You know what's really depressing?

Going here to pray:

The building: an imposing yet dilapidated grey monolith lacking interest or warmth.

The iron fence outside of it: built tall and strong to remind people like me to stay away.

The activity inside: lies, pain, death, waste.

But if I don't go and pray, that doesn't make the building disappear. Death will still happen inside of it. Women (and men) will still walk away from it, wounded, forever hurt.

A kind soul recently asked me how I'd respond to people who don't understand abortion-clinic prayer vigils. Why not, they reason, spend your time inside a crisis pregnancy center? If you really want to help women, why not actually do something?

With a few caveats (one being that we financially support our local crisis pregnancy centers) I responded with my top four reasons.

1. giving alternatives 
Not every woman who knows where an abortion clinic is, also knows where a pregnancy resource center is. It would be nice if every crisis pregnancy center could be right across the street (or right next door) to an abortion clinic, but at least in our town, the center is a good 2 miles away. When I go and pray during 40 Days for Life, I hold a sign that has the phone number to our local crisis pregnancy center.

So: It's important to be there, at the abortion clinic, to spread that information.

2. mourning them 
Just as people flock to the site of 9/11 in New York City, or visit past battlefields like Normandy or Gettysburg, or even place flowers at the graves of loved ones, I pray at abortion centers because that is where babies die

They have no one to place a flower on their grave, since they are either tossed in dumpsters or disposed of as "medical waste."

So: It's important to be there, at the abortion clinic, to mourn their lives.

3. showing others
If you're driving and stop at a busy intersection, you might see a panhandler, asking for money or food. If you go to church, you might hear a missionary talk about people starving in far-off countries. If you visit a nursing home, you'll see elderly who are all but abandoned by their family. These things make us uncomfortable, and often move us to action. 

When we see suffering, it pricks our conscience. 

Many times, abortion clinics go unnoticed by the people driving by--they see only another building, not the (in)humanity of what happens behind the doors. I've talked with many pro-lifers who didn't even know that an abortion clinic was in their city, or even right in their neighborhood.

So: It's important to be there, at the abortion clinic, to show your neighbors what is happening, right on the street where they live--and that you don't approve of it.

4. being there 
I've prayed at abortion clinics for years, both alone and in peer groups. Now I take my kids with me. For this fall 40 Days for Life campaign, I'll be nearly 8 months pregnant. 

It's important for women, alone or with children, to pray outside clinics. While the presence of the older pro-life generation is undeniably important (and indeed, that generation laid the foundation for the very vigils and marches we participate in today), I believe it sends a powerful message to the world when women--especially those born after 1973--publicly pray to end abortion.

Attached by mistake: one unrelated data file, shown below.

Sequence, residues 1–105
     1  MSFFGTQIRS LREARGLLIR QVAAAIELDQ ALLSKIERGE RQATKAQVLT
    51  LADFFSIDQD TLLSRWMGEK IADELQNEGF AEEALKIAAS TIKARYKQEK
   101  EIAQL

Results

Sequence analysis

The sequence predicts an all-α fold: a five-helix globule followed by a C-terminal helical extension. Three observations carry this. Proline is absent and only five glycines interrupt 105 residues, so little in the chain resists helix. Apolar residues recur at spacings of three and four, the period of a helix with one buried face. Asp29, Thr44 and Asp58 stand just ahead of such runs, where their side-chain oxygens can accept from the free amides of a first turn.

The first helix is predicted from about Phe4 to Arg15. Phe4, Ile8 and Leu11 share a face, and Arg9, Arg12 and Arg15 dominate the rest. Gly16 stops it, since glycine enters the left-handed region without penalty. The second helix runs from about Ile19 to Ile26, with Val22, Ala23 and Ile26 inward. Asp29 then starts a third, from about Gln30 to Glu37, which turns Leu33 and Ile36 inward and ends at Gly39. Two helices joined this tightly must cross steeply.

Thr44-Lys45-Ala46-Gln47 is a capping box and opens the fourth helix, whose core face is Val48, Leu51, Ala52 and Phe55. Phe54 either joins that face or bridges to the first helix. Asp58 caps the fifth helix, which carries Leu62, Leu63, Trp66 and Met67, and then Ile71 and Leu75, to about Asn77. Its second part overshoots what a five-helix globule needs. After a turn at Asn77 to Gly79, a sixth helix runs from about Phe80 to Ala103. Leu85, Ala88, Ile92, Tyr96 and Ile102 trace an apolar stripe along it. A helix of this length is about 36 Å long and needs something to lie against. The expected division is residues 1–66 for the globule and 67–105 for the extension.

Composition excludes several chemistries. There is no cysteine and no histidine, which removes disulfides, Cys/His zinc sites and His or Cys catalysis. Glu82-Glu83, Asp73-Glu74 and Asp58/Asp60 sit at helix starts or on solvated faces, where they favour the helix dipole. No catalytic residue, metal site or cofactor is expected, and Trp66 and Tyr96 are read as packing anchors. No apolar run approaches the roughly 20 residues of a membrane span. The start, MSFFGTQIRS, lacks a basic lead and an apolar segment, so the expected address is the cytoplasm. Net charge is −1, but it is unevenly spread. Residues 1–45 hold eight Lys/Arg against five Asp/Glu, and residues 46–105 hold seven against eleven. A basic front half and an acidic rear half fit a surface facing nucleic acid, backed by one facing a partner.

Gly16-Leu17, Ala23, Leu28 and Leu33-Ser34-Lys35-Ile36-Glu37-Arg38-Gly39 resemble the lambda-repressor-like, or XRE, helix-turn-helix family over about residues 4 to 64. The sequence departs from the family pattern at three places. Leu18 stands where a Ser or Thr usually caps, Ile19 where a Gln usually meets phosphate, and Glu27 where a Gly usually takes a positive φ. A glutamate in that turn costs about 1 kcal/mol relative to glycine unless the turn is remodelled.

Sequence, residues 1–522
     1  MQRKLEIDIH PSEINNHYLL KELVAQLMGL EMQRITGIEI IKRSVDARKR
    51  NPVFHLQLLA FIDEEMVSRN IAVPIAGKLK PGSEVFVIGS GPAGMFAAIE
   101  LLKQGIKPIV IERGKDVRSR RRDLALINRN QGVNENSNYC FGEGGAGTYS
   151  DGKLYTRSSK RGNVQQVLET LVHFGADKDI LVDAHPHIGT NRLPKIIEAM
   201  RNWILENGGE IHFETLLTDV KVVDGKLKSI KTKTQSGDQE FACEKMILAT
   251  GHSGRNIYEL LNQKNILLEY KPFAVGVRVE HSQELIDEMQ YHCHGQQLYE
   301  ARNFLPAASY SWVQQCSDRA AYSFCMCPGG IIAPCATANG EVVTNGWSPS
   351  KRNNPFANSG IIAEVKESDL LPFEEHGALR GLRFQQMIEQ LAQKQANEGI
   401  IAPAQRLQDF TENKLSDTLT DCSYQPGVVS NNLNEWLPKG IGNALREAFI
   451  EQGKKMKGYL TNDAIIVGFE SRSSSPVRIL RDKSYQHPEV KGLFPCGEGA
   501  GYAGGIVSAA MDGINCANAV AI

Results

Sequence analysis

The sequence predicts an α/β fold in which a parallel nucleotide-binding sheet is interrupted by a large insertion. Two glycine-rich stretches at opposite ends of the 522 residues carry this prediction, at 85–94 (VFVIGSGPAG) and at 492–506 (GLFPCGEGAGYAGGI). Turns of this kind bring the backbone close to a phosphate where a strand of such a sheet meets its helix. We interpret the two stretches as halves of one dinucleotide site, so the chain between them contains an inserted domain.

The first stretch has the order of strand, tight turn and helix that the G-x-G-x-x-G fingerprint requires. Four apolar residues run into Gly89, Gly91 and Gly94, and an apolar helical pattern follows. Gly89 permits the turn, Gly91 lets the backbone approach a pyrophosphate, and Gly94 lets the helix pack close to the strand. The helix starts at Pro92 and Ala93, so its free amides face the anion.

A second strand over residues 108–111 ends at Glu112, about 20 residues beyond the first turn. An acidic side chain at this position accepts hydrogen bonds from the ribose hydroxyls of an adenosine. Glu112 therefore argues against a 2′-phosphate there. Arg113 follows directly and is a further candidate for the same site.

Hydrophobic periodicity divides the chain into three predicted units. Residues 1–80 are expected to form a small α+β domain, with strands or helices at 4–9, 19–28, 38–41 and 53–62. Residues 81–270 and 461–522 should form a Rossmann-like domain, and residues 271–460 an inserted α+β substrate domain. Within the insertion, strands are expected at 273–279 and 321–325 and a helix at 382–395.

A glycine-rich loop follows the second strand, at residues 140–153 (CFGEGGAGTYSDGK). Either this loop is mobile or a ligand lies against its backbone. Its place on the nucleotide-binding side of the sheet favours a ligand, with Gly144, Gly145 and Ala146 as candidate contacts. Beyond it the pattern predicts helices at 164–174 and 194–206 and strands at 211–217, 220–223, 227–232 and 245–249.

We are there to hold out a hand and say, "Come with me to the crisis pregnancy center. You're not alone, you don't have to do this, and there is a way out. And you and your baby deserve better."

So: It's important to be there, at the abortion clinic, to show other women that they're not alone, that children are beautiful, and that life is precious--hard, but precious.  

This Saturday, 40 Days for Life kicks off in my town with a rally. I've signed up for a few vigil slots per week. 

Think about joining me. Even if you find it depressing, too.


pretty funny happy real / in CA (again) (mostly)

Looks like the last time I did the Like Mother/Like Daughter weekly linkup, I also posted pictures from a recent California trip. My only conclusion is that many pretty, funny and happy things really do happen in CA.

pretty /

Ain't no sunset like a NorCal sunset. Sky on FIRE.

funny / 

Joseph learning to finally ride a bike (thanks to Babcia's perseverance)--not funny, but it made us all giddy with pride. 

One truly funny Joseph story this week: I had Catholic radio on in the car, and a talk by Fr. Larry Richards (who I LOVE) came on. 

Joseph asks, "Mom... Is this Jesus talking?"

happy / 

A well-stocked kitchen towel drawer, filled with beautiful swaths of absorbent cotton is one of my mother's love languages (and, in turn, mine as well). If you time it right in the evenings, you can occasionally catch her at one of her guilty pleasures: ironing them. 

real / 

Back to (pre) school for my precious Little Nerd; back to mornings with mom for my Little Knight. Happy September.


maternity clothes math

In the shopping aberration of the century, the boys and I had an EXTRAORDINARILY successful trip to Goodwill. In 12 minutes, we scored new salt/pepper shakers, two train books, a barely-worn sweater for Joe AND a pair of seemingly-new Old Navy maternity jean jeggings (or leggings?) for me, for a grand total of $10.82.

I bought the jeans without trying them on and without finding a size tag in them. The waist looked to be size "extra plenty;" and big enough to accommodate the low-hanging watermelon that is my belly.

Tried them on at home--success. Nay, perfection. Maybe a little on the loose side, but since I've still got 8 weeks to go, that's a good problem to have.

Then, as I took off the blessed garment, I found that size tag. HA.

Is it fine to be a size 14? Well duh. Of course it is. But is it a shock to be a pre-pregnancy size of about 8, then to be wearing not only a size 14, but a maternity size 14, with plenty of weeks to go? YES, IT IS A SHOCK.

Maternity clothes/sizes are basically a crapshoot, so I'm issuing a new formula for determining your numerical maternity size, at least for Old Navy.

Take your pre-pregnancy size: 8

Add your trimester: 3

Add which number this baby is in your lineup: 3

In the words of Peg + Cat: Problem solved! The problem is solved!